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'I would have battered you into a coma' - man escapes jail for terror campaign

 

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Tony Levins was bound to peace

Tony Levins was bound to peace

Tony Levins was bound to peace

A man has avoided a conviction after he waged a "shocking" year-long harassment campaign against another man and threatened to kill him - leaving his victim in fear for his safety.

Tony Levins (50) was bound to a peace bond for one year and was also ordered to have no contact whatsoever with his victim John Foley and his family.

He sent anonymous and threatening typed letters and text messages to Mr Foley in what a judge called a "very serious and shocking case" and "bizarre behaviour".

Levins threatened to batter him into a coma, and threatened to "get him when he least expects it", with a "knife or infected needle".

He also sent anonymous letters to Mr Foley's partner and his employer in an attempt to tarnish his character and work performance.

He also paid visits to Mr Foley's workplace, Drogheda District Court heard.

He was caught because his DNA was found on the envelopes of the letters.

Levins had known Mr Foley for years, and in one of the letters told him: "You are lucky I didn't connect a hurley to your head. I would have battered you in a coma."

A second letter sent by Levins stated: "We will get you when you are least expecting it. Who's gonna notice a knife or an infected needle stabbing you in a packed pub or a busy street?"

Levins, of Ashfield Grove, North Road, Drogheda, Co Louth, pleaded guilty to harassing Mr Foley at various locations between March 1, 2018, and February 1, 2019.

He also pleaded guilty to threatening to kill him. He has no previous convictions.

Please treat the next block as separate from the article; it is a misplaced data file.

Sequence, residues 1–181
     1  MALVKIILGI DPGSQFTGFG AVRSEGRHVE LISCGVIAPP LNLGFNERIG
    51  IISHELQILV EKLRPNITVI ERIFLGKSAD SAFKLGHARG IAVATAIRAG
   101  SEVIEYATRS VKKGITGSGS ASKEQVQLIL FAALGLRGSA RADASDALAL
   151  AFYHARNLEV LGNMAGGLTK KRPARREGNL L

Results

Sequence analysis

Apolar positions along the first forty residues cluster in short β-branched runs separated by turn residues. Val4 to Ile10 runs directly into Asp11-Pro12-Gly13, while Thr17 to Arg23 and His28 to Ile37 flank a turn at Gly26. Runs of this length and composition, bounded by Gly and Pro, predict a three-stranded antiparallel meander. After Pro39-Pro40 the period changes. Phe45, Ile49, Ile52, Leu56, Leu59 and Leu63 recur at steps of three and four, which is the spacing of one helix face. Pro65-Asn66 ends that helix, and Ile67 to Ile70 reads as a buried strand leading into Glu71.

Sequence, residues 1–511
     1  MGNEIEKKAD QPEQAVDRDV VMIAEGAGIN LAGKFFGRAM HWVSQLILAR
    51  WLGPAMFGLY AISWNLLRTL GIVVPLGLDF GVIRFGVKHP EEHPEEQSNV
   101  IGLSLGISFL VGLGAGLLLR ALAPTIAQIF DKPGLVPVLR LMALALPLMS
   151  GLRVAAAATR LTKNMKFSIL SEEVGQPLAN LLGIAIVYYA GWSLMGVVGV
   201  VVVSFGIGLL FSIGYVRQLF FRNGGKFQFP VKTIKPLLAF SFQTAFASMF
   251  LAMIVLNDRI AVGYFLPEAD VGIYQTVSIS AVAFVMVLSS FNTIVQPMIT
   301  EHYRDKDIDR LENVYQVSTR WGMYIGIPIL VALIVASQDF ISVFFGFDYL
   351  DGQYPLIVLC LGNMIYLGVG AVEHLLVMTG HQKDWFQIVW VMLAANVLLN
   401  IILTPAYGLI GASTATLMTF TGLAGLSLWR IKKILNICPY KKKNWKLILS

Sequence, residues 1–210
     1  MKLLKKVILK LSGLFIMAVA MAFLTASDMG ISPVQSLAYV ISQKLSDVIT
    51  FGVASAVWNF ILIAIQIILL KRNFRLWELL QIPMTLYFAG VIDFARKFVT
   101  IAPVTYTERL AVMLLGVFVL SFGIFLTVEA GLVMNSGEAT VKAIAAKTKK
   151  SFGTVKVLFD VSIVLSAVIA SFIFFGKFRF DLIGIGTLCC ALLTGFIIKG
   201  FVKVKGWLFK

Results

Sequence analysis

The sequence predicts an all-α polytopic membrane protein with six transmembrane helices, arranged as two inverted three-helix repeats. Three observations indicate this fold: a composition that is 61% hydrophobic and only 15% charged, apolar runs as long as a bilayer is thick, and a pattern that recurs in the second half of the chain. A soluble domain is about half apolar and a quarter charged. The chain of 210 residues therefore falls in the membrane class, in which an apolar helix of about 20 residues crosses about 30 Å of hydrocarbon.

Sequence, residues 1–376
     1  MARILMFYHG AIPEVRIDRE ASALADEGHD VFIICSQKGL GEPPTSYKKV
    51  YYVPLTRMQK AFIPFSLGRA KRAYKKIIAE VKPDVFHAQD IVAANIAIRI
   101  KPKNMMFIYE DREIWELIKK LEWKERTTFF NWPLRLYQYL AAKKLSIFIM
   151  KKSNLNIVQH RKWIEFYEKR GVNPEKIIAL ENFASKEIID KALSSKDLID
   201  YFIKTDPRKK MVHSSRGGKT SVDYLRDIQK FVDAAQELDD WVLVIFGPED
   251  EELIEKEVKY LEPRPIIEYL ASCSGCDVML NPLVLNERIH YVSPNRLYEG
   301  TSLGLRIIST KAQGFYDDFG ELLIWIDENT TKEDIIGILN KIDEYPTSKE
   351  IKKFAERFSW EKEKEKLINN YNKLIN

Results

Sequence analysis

Mr Foley told the court he had "suffered death threats hanging over me".

"I suffered. I could have lost my job because of the letters written about me. His apology letter does not show remorse.

"He is saying that he is not a dangerous or violent person yet one of his letters said 'you are lucky I didn't connect a hurley to your head. I would have battered you into a coma'," said Mr Foley.

A probation report said Levins has "demonstrated remorse and shame and recognises the damage he caused", and that he has sought treatment for his mental health.

The court heard Levins' underlying mental health issue was sparked following the sudden death of his brother in 2018.

Defence solicitor Patrick Goodwin said Levins "offered Mr Foley €2,000 but this wasn't accepted", adding the defendant has been "offered a work position".

Sanction

"If he gets a conviction he is concerned that job opportunity will go," said Mr Goodwin, asking the judge not to impose a prison sentence.

Addressing the court, Mr Foley said: "What I want is maximum protection for myself and family. If he gets away too lightly he could do this to someone else.

"He is not the victim here today," Mr Foley said, when Judge Eirinn McKiernan was considering the sanction for Levins.

"I am not diminishing in any way the gravity of what he did and Mr Foley has suffered terribly," the judge said.

"In normal circumstances it would involve custody without hesitation but he has an underlying mental health issue."

She then bound Levins to the peace for 12 months and ordered him not to have any contact with Mr Foley and his family.


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